#1
Feb2408, 12:22 AM

P: 22

Can anybody explain what's the difference between quantum randomness and "regular" randomness, please. (say random distribution of dicefaces when throwing a dice)




#2
Feb2408, 01:19 AM

P: 932

You can, in principle, predict the outcome of a classically random event (e.g. if you knew the moment of inertia of the dice, the initial torque applied on the dice, any wind/movement of air on the dice, the coefficient of restitution of the dice and table it bounces on as a function of the speed at which the dice hits the table and the angle at which it strikes etc.)




#3
Feb2408, 02:28 AM

P: 22

So then quantum randomness is nondeterministic meaning one could not predict outcome just because it is noncomputable even in principle. Is this right?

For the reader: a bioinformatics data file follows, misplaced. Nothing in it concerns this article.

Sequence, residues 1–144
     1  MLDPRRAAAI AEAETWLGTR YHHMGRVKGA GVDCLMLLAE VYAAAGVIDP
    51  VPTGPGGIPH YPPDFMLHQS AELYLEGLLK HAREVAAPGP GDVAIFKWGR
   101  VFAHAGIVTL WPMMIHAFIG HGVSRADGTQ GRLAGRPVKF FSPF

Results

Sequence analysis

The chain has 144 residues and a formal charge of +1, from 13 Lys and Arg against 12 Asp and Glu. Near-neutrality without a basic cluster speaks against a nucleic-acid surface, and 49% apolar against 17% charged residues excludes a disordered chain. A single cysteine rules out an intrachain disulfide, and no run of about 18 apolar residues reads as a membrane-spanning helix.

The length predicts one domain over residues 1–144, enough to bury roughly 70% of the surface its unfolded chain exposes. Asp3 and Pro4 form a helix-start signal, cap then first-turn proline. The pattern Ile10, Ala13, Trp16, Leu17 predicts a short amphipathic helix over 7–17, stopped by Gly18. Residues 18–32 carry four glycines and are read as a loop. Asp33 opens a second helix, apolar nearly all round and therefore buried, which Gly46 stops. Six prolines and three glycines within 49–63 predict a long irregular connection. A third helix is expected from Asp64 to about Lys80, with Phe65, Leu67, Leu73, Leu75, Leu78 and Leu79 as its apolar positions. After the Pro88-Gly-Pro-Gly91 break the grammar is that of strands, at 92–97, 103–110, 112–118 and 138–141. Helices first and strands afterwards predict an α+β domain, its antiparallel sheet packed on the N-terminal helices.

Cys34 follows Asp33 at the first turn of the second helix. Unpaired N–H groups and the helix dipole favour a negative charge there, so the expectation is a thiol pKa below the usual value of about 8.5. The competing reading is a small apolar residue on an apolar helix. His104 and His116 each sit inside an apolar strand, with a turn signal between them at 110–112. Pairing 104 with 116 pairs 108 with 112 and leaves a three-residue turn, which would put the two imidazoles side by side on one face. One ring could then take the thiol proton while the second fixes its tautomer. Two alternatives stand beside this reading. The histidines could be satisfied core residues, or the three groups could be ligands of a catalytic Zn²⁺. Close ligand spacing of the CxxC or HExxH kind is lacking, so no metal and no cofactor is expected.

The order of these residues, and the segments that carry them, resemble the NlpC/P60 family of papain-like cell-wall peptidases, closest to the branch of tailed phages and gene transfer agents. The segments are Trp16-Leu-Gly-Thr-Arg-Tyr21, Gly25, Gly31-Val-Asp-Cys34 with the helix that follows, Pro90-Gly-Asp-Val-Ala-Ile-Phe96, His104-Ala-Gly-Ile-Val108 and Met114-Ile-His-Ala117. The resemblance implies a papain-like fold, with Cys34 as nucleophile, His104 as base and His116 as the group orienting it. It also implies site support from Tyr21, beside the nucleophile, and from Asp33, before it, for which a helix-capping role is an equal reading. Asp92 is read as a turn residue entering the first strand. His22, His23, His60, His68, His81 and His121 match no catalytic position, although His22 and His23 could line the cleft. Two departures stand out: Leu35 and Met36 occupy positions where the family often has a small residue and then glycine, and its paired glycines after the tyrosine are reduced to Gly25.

#4
Feb2408, 12:36 PM

P: 932

quantum randomness vs. "dice randomness"
When a system is in a superposition of two or more states with definite eigenvalues of a certain operator (corresponding to a measurement), there is, even in principle, no way to determine what the outcome of that measurement would be; all one can determine is the probability that it would be an outcome.
If it is not in a superposition, and is itself an eigenstate, then one can guarantee what the measurement of that observable will be (if the measurement operator commutes with the Hamiltonian, then one can guarantee the measurement outcome at any time, if not then one can only guarantee it for that instant). 



#5
Feb2408, 02:42 PM

P: 869

The comprehensible answer to his question was yes.
Also, another key difference is that in classical randomness, different "either/or" probabilities add, as in P(A or B) = P(A) + P(B). In quantum randomness, probability _amplitudes_ add, as in P(A or B)) = A>+B>*. That is how interference patterns emerge. 



#6
Feb2408, 02:46 PM

P: 1,414

But to say that this quantum randomness is some sort of real or true randomness as opposed to the more pseudo randomness of dice throws is meaningless. 



#7
Feb2408, 02:55 PM

P: 932





#8
Feb2408, 03:09 PM

P: 869